Monday, June 06, 2011

How to Build a Scene, Epilogue: Mix and Match

Last week, I talked about how to juice a scene, and I ended with a checklist of all the elements a great scene has. But one thing I didn’t talk about was what you could do if one or more scene failed the checklist. You have three choices:
  1. Beef up the scene
  2. Cut the scene
  3. Combine two or more weak scenes together to become one rich scene with a lot of subtext.
Resist the urge to add elements to beef up a lacking scene. Listen to the scene: If it’s lacking, that’s telling you something. Transform the text of this scene into the subtext of another scene, or vice versa. Let’s go back to that episode of “Breaking Bad” that I charted: It has one seemingly small scene that could have been four scenes. Each of these confrontations could have been its own scene:
  1. Walt Jr. tells his dad that he wants a new name and new identity.
  2. Later, Walt confronts his wife to ask if she knew about this, she says that she supports Walt Jr.’s decision.
  3. Later, Walt’s wife confronts him with her hurt feelings about his disappearances and lies.
  4. Later, Walt’s meth partner Jesse reaches out to him for help, Walt refuses him.
Instead of presenting these four confrontations as separate scenes, the show layers all four confrontations on top of each other in one small scene: 

A friend comes to pick up Walt Jr. in the morning and accidentally calls him by his new name. Walt asks his son about this and he meekly confirms the new name on his way out the door. Walt, shocked, goes to ask his wife if she knew about this. She says she did, and explains it by saying “He wants his own identity” and “Your disappearance really hurt him.” Walt realizes that she’s talking about herself, not their son. He’s about to say something when the phone rings: Jesse is facing another crisis. Walt lies to his wife about who is on the phone and tells Jesse he’s on his own. By the time he gets off the phone, his wife is angrily leaving the house. All four confrontations can happen at the same time because they’re more subtle:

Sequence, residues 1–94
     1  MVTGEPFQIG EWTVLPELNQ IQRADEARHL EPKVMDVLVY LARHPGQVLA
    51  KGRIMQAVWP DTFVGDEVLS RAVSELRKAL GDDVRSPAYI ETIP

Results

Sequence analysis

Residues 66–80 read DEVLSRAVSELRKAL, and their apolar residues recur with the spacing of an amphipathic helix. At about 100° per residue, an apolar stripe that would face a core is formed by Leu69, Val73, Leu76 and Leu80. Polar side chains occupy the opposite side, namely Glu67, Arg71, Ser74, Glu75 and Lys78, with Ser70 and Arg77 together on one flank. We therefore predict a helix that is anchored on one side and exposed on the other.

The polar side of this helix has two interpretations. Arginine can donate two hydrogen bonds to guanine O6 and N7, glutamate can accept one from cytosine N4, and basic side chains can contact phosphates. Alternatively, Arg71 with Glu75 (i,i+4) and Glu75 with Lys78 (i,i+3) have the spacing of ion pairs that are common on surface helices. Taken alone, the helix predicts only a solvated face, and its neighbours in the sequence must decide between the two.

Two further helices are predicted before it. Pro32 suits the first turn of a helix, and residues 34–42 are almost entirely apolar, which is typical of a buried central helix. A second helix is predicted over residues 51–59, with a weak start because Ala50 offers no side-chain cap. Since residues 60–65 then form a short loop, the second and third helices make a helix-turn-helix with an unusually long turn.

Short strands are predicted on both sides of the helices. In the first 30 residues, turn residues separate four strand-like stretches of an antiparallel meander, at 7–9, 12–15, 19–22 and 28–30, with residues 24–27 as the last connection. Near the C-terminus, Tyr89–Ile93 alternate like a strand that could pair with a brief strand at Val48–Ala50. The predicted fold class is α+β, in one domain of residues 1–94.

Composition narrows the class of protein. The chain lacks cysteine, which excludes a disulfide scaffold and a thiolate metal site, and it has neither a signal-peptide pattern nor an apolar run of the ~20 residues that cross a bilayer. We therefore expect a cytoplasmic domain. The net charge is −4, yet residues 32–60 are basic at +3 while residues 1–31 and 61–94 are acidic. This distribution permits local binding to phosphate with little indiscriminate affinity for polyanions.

1. The first confrontation is replaced by symbolism: The name change says it all, relieving the need for an “I want my own identity” confrontation. The friend’s slip of the tongue allows the information to come out without the son confronting the dad.
  2. Walt’s larger confrontation with his wife about his lies hides as subtext within the smaller confrontation about their son’s name change.
  3. Walt doesn’t have to tell his wife “there are things I can’t tell you” because Jesse calls and she sees that.
  4. Walt doesn’t have to tell Jesse, “you’re messing up my life,” because we see that happen.
Four potentially melodramatic confrontations all happen at once, but the way it plays out, none of them feels melodramatic. Indirect confrontations are less upsetting to the characters than direct confrontations, which means that you get to have more of them.

1 comment:

adite said...

Loads of interesting stuff. Glad I discovered your blog. Look forward to reading your articles at leisure. :)